District Judge Harold Baer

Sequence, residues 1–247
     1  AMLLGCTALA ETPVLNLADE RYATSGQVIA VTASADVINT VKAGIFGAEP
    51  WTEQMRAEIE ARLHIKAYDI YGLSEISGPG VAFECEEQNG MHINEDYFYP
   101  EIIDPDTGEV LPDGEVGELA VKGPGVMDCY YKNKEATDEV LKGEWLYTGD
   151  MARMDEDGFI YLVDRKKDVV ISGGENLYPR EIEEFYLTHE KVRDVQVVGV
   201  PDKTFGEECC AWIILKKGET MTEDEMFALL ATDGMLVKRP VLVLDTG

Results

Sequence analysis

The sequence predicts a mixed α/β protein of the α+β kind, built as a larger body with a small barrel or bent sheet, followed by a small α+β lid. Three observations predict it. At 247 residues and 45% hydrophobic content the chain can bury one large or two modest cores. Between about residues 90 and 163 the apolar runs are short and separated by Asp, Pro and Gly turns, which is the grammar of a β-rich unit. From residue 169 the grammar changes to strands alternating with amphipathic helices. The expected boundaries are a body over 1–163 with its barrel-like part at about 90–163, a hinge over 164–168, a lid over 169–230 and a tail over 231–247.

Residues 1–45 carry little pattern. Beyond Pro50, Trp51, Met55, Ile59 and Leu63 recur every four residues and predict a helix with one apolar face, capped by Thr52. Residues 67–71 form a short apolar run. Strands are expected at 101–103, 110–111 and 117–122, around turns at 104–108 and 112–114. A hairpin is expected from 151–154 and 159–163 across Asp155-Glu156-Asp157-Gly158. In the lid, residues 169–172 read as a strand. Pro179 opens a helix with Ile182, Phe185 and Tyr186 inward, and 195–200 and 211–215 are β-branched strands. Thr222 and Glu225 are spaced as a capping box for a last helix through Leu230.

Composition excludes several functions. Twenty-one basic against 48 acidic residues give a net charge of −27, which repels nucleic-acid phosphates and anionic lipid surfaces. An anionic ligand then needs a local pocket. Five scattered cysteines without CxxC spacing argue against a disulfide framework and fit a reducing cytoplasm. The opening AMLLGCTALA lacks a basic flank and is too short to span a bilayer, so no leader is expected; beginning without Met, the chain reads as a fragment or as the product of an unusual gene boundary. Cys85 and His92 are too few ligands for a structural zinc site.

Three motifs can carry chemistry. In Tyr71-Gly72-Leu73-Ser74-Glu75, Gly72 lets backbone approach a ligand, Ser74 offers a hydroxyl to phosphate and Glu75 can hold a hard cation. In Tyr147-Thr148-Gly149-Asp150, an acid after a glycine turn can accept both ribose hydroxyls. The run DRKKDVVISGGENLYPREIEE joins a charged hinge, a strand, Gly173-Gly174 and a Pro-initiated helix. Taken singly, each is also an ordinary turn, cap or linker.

Under defendant Perez’s leadership, Eastman Kodak launched a digital transformation strategy in 2004. Transformation was to be partly financed from income generated by the sale and licensing of Kodak’s intellectual property. Plaintiffs’ amended complaint charged Perez and other Kodak executives with making false and misleading statements about Kodak’s financial condition in the year before its 2012 bankruptcy application. The court dismissed plaintiffs’ complaint, which it viewed as asserting “fraud in hindsight.” The pleading requirements of FRCP 9(b) and the Private Securities Litigation Act were not satisfied. Further, certain alleged statements that plaintiffs asserted showed defendants’ scienter more plausibly demonstrated defendants’ failure to avoid Kodak’s bankruptcy despite their best efforts to fund and successfully complete a digital transformation. Those statements showed that Kodak began to consider bankruptcy as an option among others in 2011 while simultaneously pursuing other alternatives to avoid bankruptcy. However, contrary to plaintiffs’ assertion, those statements did not contradict defendants’ 2011 statement that Kodak had “no intention” of filing for bankruptcy.